A film about the demise of Swissair, the national flag carrier, becomes a box
office hit. Grounding the Last Days of Swissair, with dialogue in
Swiss-German, has been packing in audiences across the country.
One over-excited reviewer described the film as ‘a gripping juggling of fact
and fiction’ that mixes contemporary television coverage and interviews with
bankers and politicians with a fictional drama about two families affected by
I’m dozing off already. But with an audience of more than 140,000 in its
first two weeks, there must be something in it. Or perhaps the Swiss have
nothing better to do.
To my mind, it’s rather like making a film about the Railtrack debacle.
Imagine the cast. Ernst & Young’s Alan Bloom as the unflappable numbers man
at the eye of a debt-laden storm.
Stephen Byers as the lying (sorry, untruth-telling) MP who becomes the voodoo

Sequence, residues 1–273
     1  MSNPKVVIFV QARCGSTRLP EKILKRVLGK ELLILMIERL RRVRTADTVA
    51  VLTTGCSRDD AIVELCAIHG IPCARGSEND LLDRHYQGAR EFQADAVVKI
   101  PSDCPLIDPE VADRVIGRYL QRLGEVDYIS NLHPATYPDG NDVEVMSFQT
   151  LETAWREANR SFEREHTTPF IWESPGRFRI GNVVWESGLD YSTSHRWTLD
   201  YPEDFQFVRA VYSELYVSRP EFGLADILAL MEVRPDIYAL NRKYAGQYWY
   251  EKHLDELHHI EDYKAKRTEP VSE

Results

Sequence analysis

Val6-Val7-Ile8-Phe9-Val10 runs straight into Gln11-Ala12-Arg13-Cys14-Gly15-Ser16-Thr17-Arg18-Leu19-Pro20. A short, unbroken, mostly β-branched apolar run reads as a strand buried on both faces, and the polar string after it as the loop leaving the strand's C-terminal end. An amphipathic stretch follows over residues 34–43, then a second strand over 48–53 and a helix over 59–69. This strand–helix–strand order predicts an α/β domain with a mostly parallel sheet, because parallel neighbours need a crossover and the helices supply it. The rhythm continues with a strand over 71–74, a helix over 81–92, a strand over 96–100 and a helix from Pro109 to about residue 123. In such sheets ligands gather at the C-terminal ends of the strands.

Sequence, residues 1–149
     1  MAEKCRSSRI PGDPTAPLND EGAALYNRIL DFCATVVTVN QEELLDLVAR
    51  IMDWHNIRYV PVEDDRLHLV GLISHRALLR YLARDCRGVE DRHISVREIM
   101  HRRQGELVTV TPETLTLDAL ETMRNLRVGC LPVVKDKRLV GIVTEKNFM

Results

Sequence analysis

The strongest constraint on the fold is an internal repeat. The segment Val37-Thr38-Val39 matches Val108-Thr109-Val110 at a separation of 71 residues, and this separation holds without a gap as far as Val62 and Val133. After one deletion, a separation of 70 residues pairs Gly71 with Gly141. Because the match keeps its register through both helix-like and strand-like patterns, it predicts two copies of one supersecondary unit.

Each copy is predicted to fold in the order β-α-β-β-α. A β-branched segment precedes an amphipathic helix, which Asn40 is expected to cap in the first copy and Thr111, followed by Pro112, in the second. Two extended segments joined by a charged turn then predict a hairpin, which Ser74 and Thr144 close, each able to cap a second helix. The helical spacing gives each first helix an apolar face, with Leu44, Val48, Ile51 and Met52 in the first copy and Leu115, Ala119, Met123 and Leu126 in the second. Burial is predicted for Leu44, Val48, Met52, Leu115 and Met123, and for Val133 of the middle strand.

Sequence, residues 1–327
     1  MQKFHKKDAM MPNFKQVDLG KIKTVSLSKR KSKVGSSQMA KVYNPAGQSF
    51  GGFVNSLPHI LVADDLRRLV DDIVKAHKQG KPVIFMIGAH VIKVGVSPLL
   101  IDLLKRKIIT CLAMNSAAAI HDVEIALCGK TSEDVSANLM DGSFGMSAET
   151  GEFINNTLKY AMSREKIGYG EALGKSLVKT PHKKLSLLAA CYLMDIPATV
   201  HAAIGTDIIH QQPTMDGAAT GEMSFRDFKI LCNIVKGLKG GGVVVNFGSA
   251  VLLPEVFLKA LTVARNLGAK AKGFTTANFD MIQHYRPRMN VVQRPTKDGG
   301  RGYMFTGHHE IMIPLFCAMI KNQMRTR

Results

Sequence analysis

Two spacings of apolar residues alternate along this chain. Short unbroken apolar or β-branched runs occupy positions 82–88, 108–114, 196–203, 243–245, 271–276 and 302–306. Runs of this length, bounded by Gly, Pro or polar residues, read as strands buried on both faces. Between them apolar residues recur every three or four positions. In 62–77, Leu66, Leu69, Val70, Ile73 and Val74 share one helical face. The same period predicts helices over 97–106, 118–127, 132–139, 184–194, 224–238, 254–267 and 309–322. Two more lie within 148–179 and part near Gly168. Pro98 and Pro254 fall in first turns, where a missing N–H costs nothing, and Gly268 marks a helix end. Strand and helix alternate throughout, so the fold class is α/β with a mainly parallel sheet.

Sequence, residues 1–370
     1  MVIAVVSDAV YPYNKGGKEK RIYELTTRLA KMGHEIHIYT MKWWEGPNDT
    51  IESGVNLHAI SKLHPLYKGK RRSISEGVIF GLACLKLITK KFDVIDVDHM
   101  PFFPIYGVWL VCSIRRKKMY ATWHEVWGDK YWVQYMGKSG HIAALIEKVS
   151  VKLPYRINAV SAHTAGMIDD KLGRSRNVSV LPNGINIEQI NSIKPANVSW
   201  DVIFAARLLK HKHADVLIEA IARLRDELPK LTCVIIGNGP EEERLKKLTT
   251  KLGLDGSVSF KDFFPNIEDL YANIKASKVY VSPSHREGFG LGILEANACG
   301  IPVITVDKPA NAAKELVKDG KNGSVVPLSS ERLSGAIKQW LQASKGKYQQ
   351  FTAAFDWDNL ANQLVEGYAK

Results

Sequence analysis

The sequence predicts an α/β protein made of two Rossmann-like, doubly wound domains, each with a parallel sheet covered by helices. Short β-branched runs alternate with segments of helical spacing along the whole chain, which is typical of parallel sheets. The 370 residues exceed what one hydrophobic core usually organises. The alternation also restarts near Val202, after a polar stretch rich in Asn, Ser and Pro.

doll of choice for millions of rail commuters. And Geoff Weir, the Railtrack
pensioner who battled in vain for compensation for small shareholders.
Trains, planes, what’s the difference? If the Swiss can turn a corporate
collapse into a hit, anything is possible.
I’ve always thought that British Airways would make a good subject for a
film. You’d have the late Lord King of Wartnaby owning up to a ‘dirty tricks’
campaign against Sir Richard Branson’s Virgin Atlantic.
And who can forget former chief executive Bob Ayling with his scheme to paint
BA’s tailfins in garish world colours?
Ayling, incidentally, is being tipped as the new chairman at Sanctuary, the
struggling music group. The scriptwriters couldn’t make it up.
Jon Ashworth is a freelance journalist
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